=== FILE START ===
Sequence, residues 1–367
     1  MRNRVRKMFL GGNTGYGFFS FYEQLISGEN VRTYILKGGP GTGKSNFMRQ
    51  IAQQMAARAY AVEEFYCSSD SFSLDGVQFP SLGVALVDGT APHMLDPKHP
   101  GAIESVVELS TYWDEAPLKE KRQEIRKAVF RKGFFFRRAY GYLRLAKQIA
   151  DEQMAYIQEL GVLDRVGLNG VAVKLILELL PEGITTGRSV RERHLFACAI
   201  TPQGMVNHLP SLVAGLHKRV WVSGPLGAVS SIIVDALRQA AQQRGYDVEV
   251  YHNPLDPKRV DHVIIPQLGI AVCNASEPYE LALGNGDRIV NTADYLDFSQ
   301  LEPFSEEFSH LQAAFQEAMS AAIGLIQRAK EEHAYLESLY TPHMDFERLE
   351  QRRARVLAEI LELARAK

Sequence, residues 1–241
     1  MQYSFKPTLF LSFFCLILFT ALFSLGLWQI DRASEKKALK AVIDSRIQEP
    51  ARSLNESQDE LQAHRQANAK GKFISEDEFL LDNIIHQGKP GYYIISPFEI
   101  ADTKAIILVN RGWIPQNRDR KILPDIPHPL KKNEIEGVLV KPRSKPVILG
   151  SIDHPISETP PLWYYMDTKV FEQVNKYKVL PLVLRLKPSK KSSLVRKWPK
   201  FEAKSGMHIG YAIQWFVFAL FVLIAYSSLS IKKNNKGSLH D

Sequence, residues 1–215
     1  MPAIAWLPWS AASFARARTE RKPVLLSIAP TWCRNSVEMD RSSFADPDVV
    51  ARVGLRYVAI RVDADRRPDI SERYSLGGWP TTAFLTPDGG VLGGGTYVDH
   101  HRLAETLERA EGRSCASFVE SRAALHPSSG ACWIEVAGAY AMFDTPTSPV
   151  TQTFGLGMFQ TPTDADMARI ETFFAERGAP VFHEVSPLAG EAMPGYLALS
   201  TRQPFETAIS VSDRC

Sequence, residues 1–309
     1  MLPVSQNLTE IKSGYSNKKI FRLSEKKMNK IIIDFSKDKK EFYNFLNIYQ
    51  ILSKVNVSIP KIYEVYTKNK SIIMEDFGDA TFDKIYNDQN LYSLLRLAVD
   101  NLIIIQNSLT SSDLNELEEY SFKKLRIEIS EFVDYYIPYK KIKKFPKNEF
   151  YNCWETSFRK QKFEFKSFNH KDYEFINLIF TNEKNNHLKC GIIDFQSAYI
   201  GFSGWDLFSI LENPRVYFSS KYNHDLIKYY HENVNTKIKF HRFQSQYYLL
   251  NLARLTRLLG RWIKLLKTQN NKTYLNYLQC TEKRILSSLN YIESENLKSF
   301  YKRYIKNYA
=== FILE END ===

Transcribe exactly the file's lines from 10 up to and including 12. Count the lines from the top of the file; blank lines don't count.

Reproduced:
Sequence, residues 1–241
     1  MQYSFKPTLF LSFFCLILFT ALFSLGLWQI DRASEKKALK AVIDSRIQEP
    51  ARSLNESQDE LQAHRQANAK GKFISEDEFL LDNIIHQGKP GYYIISPFEI